The Flaws of Policies Requiring Human Oversight of Government Algorithms

Computer Law & Security Review, Volume 45, 2022

39 Pages Posted: 13 Sep 2021 Last revised: 26 Apr 2022

See all articles by Ben Green

Ben Green

University of Michigan at Ann Arbor - Society of Fellows; University of Michigan at Ann Arbor - Gerald R. Ford School of Public Policy; Harvard University - Berkman Klein Center for Internet & Society

Date Written: April 26, 2022

Abstract

As algorithms become an influential component of government decision-making around the world, policymakers have debated how governments can attain the benefits of algorithms while preventing the harms of algorithms. One mechanism that has become a centerpiece of global efforts to regulate government algorithms is to require human oversight of algorithmic decisions. Despite the widespread turn to human oversight, these policies rest on an uninterrogated assumption: that people are able to effectively oversee algorithmic decision-making. In this article, I survey 41 policies that prescribe human oversight of government algorithms and find that they suffer from two significant flaws. First, evidence suggests that people are unable to perform the desired oversight functions. Second, as a result of the first flaw, human oversight policies legitimize government uses of faulty and controversial algorithms without addressing the fundamental issues with these tools. Thus, rather than protect against the potential harms of algorithmic decision-making in government, human oversight policies provide a false sense of security in adopting algorithms and enable vendors and agencies to shirk accountability for algorithmic harms. In light of these flaws, I propose a shift from human oversight to institutional oversight as the central mechanism for regulating government algorithms. This institutional approach operates in two stages. First, agencies must justify that it is appropriate to incorporate an algorithm into decision-making and that any proposed forms of human oversight are supported by empirical evidence. Second, these justifications must receive democratic public review and approval before the agency can adopt the algorithm.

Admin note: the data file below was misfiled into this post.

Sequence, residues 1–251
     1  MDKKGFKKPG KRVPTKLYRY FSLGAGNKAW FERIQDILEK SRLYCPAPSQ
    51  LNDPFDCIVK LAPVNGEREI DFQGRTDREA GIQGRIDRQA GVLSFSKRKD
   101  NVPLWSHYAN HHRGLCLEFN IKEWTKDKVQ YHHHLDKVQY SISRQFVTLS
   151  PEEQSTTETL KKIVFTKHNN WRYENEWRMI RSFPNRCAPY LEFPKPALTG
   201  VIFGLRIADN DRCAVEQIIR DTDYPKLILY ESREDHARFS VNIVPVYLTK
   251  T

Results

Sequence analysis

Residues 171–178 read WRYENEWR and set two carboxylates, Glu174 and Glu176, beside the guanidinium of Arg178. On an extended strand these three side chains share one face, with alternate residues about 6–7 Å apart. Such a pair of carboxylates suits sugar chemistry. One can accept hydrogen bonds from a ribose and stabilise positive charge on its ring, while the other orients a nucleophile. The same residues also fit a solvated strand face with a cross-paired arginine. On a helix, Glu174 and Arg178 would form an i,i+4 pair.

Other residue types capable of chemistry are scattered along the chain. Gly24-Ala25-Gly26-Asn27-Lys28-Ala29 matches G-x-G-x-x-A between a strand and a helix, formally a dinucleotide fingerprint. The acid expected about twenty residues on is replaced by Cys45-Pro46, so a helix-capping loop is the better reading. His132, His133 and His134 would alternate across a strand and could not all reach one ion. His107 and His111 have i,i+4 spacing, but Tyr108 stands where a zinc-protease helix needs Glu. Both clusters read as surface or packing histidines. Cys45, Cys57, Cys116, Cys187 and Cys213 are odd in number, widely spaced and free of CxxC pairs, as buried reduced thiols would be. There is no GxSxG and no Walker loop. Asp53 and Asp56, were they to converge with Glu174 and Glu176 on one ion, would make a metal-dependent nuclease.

Keywords: Human oversight; Human in the loop; Algorithmic governance; Automated decision-making; Artificial intelligence; AI regulation; Human-algorithm interactions

Suggested Citation

Green, Ben, The Flaws of Policies Requiring Human Oversight of Government Algorithms (April 26, 2022). Computer Law & Security Review, Volume 45, 2022, Available at SSRN: https://ssrn.com/abstract=3921216 or http://dx.doi.org/10.2139/ssrn.3921216

Ben Green (Contact Author)

University of Michigan at Ann Arbor - Society of Fellows ( email )

Ann Arbor, MI
United States

University of Michigan at Ann Arbor - Gerald R. Ford School of Public Policy ( email )

735 South State Street, Weill Hall
Ann Arbor, MI 48109
United States

Harvard University - Berkman Klein Center for Internet & Society ( email )

Harvard Law School
23 Everett, 2nd Floor
Cambridge, MA 02138
United States

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